This stereotyped way of depicting native peoples as less civilised can be found in many of Conrad’s works. Despite this Conrad also talked about the isolation of the colonist as well as those who were being colonised. Both in the novels and short stories about the conquest of the white man (for example Amy Foster), he would point to the lack of inter-cultural dialogue, omnipresent stereotypes, which were all leading to mutual misunderstandings.
Sense of loneliness
Deriving from his experiences, Conrad was trying to prove that an understanding and openness of foreign cultures leads to co-existence and adaptation of new elements, which do not need to mean a rejection of older values. Throughout his life he experienced both the sense of alienation and being foreign. On many occasions he would talk not only about the geographic isolation, but also the cultural and psychological isolation. These feelings were probably the reason why Conrad was so upset by the words of his compatriot and well-known writer, Eliza Orzeszkowa. She accused him of having a lack of patriotism. To heal himself from the loneliness and separation he experienced, he found an escape in cultivating familiar national customs. He probably felt that it was his duty to be faithful to Polish traditions, especially those aspects of it that were becoming increasingly foreign and misunderstood.
That is why he would be so idealistic in his writing about the chivalrous code of conduct and nobility. It was in here that he saw Polish heritage and its uniqueness. The duty of cultivating heritage was something that Conrad grew up with. His uncle, Tadeusz Bobrowski, taught him that Poles had to protect their distinctiveness, holding their position until fate brings them the right to independence. Conrad believed that the concept of honour was an important element of this heritage, even though idealisation of nobility and chivalry were the symptoms of the noble traditions that at that time were already going into oblivion. As Zdzisław Najder, Conrad’s biographer, stresses: “The idea of honour was at the centre of Conrad’s interest, which was met with misunderstanding and led to many misinterpretations of his works.”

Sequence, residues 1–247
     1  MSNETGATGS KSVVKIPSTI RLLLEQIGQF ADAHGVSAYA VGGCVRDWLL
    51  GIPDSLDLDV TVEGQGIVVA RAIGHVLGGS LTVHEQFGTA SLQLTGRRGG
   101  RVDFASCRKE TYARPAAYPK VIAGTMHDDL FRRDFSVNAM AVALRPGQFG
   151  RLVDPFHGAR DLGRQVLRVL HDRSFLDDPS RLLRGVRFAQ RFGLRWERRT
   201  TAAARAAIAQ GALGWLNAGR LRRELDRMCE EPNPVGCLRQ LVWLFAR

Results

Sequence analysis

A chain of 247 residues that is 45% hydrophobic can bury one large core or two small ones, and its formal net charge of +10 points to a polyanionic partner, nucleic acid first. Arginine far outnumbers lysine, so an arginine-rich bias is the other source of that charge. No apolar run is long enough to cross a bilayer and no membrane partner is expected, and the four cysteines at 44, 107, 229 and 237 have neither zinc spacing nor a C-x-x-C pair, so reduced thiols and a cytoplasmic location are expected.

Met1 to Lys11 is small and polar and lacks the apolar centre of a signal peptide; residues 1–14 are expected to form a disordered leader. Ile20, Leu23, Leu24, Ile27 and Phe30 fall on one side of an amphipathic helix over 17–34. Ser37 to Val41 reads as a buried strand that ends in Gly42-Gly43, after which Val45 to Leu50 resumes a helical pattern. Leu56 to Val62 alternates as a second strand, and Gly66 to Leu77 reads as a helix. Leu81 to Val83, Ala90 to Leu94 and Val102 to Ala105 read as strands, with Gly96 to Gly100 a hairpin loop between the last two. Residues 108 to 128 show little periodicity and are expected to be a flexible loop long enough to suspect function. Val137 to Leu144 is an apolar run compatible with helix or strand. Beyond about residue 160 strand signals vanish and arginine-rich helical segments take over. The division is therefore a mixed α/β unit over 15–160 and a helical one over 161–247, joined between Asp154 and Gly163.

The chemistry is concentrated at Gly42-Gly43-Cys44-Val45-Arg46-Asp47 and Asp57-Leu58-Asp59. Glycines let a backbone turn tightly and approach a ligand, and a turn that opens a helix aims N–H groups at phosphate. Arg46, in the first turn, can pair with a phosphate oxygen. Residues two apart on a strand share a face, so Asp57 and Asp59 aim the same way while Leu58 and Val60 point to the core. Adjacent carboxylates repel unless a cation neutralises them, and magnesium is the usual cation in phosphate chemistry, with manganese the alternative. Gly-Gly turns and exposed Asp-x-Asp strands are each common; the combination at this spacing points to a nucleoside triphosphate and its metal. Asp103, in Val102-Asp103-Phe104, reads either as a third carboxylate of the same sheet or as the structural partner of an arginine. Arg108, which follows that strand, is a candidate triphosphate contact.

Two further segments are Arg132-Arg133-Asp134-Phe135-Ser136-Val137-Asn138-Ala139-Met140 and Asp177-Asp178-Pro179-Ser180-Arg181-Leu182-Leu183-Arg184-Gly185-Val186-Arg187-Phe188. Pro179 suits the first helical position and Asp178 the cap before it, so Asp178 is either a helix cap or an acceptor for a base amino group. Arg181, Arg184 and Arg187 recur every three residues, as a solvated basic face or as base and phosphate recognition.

Conrad’s trans-culturalism can be explained by his profound understanding of the diffusion of cultures, combined with the adherence to national heritage and many traditions. It did not mean the disappearance of different cultures or the blurring of differences, or the lack of recognition of the origins of different borrowings and heritages. On the contrary, it was meant to identify the essence, of what was valuable and unique to a given culture, and to connect it with what was equally important and unique in other cultures. That is why in Conrad’s writings we can find both the glorification of the chivalric code of conduct, honour and adherence to values that were characteristic for his Polish background, as well as an openness towards those who were foreign or unknown. This included the Ukrainian steppe, the French admiration for individual rights and the ideals of the French Revolution, the European heritage of Roman culture, and the British aspiration to expand and spread European values. A similar philosophy could be found in Conrad’s understanding of human experiences and everything that is universal in human nature, including such emotions as joy and sorrow, loneliness, bitterness, fear and hope.
Translated by Iwona Reichardt
Kinga Anna Gajda is an assistant professor at the Institute of European Studies of the Jagiellonian University in Kraków. She holds a PhD in literature.